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User Preferences: Tech Q&A With Designer Dominic Harris

User Preferences: Tech Q&A With Designer Dominic Harris

UFO Project (for Peter Coffin)

Each week we chat about the tools of the trade with one outstanding creative to find out exactly how they do what they do. The questions are always the same (well, not quite this week as our interviewee added one of their own), the answers, not so much. This week: Dominic Harris.

The Creators Project: Who are you and what do you do?
Dominic Harris:
My name is Dominic Harris and I am the founder and director of Cinimod Studio. I’m trained and qualified as an architect, but from my studio I combine the architecture with the pursuit of my other main interests in lighting, interaction design, and art. Cinimod Studio is now five years old, but still feels like a crazy startup that seems incapable of saying “no” to a challenge. The studio is an exhilarating and busy environment and my talented team of a dozen designers and engineers from various backgrounds busily collaborate on our next projects.

What hardware do you use?
I don’t shy away from anything and have ended up using a bit of everything. A lot of attention goes into selecting the right hardware for our projects and very often we will end up with a bespoke solution. Recently we have been using a lot of thermopiles in our artworks to track users at short range. On larger projects we need mass user tracking systems. For example, on the Peru National Football Stadium we hacked decibel level meters to create a live dynamic sound map of the stadium in order to determine the “collective mood” of the crowd.

Peru National Football Stadium

What software do you use?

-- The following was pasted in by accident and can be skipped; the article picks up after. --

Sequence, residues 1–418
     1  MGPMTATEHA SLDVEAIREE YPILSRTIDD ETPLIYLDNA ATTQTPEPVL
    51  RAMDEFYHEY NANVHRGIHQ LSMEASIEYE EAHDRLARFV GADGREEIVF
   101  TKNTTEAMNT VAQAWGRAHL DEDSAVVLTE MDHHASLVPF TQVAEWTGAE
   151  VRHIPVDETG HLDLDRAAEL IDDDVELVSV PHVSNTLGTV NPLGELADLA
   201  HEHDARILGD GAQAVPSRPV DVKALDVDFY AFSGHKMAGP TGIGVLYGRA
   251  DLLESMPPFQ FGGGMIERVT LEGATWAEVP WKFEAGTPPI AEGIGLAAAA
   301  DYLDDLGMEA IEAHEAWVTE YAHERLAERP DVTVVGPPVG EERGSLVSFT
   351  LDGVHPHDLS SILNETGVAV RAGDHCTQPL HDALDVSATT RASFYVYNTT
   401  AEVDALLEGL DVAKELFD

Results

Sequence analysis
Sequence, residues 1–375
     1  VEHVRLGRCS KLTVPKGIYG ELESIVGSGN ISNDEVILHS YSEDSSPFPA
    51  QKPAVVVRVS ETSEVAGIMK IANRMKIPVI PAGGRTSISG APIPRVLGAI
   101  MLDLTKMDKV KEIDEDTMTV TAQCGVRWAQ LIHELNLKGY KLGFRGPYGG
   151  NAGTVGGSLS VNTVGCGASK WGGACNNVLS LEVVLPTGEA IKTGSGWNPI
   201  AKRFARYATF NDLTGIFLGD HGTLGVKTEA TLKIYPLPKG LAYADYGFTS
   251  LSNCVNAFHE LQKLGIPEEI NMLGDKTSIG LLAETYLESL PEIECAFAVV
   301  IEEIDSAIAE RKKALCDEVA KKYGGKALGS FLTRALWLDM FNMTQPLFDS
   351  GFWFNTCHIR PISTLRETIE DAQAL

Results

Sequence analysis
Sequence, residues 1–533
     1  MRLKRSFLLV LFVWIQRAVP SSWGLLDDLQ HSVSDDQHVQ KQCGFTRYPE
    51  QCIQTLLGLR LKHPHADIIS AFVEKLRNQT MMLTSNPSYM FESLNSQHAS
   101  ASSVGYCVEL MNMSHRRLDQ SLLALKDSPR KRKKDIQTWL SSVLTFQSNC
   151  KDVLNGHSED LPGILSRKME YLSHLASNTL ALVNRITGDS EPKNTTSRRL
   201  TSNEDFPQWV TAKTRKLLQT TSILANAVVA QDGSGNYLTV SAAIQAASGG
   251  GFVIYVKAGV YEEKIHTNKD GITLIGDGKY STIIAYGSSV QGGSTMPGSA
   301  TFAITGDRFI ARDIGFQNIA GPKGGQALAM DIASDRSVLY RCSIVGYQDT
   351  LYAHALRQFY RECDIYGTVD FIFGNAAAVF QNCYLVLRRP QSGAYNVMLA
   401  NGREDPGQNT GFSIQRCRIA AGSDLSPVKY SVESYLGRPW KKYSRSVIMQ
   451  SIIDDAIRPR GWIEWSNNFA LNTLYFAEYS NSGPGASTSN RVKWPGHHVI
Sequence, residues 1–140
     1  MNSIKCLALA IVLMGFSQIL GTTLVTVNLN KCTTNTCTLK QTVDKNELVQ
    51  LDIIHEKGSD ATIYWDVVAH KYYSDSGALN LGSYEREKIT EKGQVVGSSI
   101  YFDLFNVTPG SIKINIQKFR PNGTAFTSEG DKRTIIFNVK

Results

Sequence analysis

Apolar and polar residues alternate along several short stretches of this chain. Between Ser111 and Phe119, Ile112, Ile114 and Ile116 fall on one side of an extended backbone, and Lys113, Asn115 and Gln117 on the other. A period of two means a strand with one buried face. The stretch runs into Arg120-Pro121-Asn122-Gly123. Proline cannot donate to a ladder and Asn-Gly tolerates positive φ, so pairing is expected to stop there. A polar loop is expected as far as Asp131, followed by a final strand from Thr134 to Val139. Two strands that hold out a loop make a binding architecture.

We use lots of standard software, but it always gets more interesting when we write our own code. We tend to do a lot of rapid development and testing in VVVV, which is an incredibly flexible and powerful patch-based programming environment. It lets us take inputs from pretty much any bit of sensing hardware, including a lot of the weird in-house kits that we develop. Once a project has been proven in concept, we tend to migrate over to C++ and openFrameworks or Cinder to create the final version.

If money were no object, how would you change your current setup?
I would have a giant studio in the heart of London with high ceilings from which to hang our experimental chandeliers. And the biscuit tin would always be full instead of empty.

What is the strangest project you have done?
We’ve done a couple of strange projects, but probably the most wild and crazy was designing and building a UFO for artist Peter Coffin and flying it over Rio De Janeiro. Completely insane project (imagine the risk assessment forms) and yet utterly mesmerizing and worthwhile. 3,500 LEDs on a 7m diameter UFO powered by a 6.5 kw petrol engine suspended under a helicopter. It’s the stuff of dreams and nightmares.

DJ Light

What fantasy piece of technology would you like to see invented?
Cordless power. Not just the stuff of toothbrushes and phone chargers, but proper useful high power.

Is there any piece of technology that inspired you to take the path you did?
Disco lights. On my 8th birthday my parents gave me a set of disco lights which for the following year I insisted on taking everywhere with me. I used to experiment with the sound-to-light features and swapping the coloured bulbs around and other primitive hacks. It’s funny that so many years on I’m still working in a similar way, albeit on larger scales.

What’s your favourite relic piece of technology from your childhood?
Mix tapes of Sinclair ZX Spectrum+ games.

Below is a selection of some of Cinimod Studio’s projects

Aronas


DJ Light


Ice Angel


Phable


Butterfly In Flight


Light Symphony


Hoxton Square Exploded Globe


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